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Improv Dates Back To The 15th Century

“Name Change Pending,” “God’s Been Drinking,” “Three Hole Punch”

Folks, I have not gone off my rocker.  These are the names of some 21st century improv groups and there are more…”, “The Steak and Blow Job Show”, “Oui Be Negros”, “Lincoln’s Bedroom”, “Mission IMPROVable” and “Blow Job Show.”

Starting in the 15th century, the first street performers ‘did’ improv with passerby.  Improv was actually illegal in British theatre up until the late 1960’s. If they dared, actors faced prosecution for deviating from the script!

Thankfully, improv survived and thrives today. From short‐form (Whose Line Is It Anyway?) to long‐form (“Harold” and “Armando” approaches), improv has its own language.

…and it is still one of the most impressive techniques to have listed on your resume for commercials, sitcoms and any auditioning or acting that calls for you to be loose and creative.

Be aware there are differences between traditional improv and commercial improv.

Here are some suggestions to be good at improv in commercial auditions.

-If your partner is not giving the right energy for the scenario, don’t let them bring you down.  Stay with the energy you originally chose.

-If someone doesn’t let you speak, keep trying and incorporate humor into the difficult situation.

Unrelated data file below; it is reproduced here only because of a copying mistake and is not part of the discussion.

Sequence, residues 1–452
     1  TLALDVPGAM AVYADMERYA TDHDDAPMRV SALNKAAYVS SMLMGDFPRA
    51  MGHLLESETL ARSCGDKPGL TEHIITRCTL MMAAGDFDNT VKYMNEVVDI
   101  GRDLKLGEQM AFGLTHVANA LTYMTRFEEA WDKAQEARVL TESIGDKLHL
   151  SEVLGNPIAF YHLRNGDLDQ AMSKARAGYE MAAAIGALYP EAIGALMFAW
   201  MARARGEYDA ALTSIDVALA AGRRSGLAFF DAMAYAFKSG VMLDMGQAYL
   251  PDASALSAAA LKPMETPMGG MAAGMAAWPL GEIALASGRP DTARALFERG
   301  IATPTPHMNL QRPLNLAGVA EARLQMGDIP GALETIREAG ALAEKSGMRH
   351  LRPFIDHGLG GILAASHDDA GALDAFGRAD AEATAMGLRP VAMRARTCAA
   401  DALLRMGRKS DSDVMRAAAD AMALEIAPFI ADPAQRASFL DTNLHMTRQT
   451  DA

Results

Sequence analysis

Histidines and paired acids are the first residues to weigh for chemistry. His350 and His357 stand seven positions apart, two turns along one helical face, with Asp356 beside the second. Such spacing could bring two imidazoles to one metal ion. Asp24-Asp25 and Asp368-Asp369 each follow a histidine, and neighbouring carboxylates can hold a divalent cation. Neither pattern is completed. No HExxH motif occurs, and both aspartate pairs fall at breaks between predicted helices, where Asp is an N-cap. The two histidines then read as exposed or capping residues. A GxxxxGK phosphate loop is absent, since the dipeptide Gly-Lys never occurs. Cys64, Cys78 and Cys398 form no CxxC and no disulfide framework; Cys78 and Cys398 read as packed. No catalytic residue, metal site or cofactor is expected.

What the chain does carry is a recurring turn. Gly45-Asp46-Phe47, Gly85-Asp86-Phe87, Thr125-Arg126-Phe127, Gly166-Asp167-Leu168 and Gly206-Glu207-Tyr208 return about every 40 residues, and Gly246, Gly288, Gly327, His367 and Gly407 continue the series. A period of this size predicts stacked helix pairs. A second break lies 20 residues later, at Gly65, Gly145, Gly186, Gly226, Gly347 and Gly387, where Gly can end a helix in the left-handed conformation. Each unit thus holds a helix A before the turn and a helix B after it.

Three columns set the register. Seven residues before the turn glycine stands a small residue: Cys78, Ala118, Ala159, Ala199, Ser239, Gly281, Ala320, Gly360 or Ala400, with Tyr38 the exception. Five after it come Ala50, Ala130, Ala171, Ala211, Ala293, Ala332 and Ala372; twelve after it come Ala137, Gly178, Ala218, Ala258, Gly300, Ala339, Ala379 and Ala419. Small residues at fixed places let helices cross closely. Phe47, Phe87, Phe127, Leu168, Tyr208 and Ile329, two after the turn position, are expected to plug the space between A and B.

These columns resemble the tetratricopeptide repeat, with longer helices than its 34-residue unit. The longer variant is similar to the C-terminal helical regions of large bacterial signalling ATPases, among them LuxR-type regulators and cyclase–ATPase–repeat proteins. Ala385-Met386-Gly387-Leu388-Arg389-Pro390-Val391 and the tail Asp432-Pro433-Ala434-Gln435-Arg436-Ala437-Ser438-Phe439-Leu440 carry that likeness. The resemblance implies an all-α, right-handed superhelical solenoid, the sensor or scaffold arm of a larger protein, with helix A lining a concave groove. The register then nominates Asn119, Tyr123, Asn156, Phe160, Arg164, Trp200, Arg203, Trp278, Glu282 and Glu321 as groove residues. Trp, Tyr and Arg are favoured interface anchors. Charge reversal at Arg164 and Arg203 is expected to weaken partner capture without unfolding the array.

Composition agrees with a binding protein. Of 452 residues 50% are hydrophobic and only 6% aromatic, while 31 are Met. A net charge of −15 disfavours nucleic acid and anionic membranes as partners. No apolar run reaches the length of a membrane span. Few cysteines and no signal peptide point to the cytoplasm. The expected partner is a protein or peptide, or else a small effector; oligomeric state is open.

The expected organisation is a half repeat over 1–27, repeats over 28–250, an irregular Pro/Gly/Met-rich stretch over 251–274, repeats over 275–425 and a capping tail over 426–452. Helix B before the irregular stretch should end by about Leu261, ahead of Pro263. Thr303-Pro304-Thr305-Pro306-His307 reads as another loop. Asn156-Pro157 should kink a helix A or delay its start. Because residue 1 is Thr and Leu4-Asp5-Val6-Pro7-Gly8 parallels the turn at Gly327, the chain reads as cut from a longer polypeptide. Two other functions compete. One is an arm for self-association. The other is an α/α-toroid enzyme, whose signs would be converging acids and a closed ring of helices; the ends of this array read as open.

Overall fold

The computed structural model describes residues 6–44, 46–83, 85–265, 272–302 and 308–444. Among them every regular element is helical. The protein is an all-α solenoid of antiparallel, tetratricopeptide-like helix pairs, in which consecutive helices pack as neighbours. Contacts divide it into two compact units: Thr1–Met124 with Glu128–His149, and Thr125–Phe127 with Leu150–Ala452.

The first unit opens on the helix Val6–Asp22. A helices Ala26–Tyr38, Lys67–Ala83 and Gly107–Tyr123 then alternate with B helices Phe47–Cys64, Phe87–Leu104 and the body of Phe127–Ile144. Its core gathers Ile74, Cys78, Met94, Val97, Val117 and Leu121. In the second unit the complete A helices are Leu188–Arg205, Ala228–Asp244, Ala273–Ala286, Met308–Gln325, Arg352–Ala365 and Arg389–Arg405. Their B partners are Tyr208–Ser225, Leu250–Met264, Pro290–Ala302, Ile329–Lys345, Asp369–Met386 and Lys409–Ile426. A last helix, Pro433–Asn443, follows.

-Don’t put all the focus on one person in the group.

-Listen carefully for your cues to keep the conversation going, lightly bouncing from one subject to the next.

-Don’t sell a product or mention product names.

-Internally give yourself lots of visuals to look at to create an environment

-Keep the energy upbeat.

-Avoid stories with a beginning, middle, and end.

-Avoid drama.

Remember, just because your partner is not good, does not mean you will not receive a callback.  It is unusual for two people in the same group to be called back.  The creative team can see who they feel is good and who is not.

Happy creating.

Any reproduction or usage of this article on other websites must be credited to Terry Berland, Casting Director and linked back to here.

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Terry Berland is an award-winning casting director for on-camera, television, voice-over, and hosting. Her casting awards include Clio, The Houston International Film Festival, Art Director’s Club, Addy, and the International Film and Television Festival. Her former casting staff position for Madison Avenue giant BBDO/NY has lent to her deep understanding and involvement in the advertising industry. She is known throughout the country for her talent development and is the co-author of the how-to industry book,”Breaking Into Commercials.”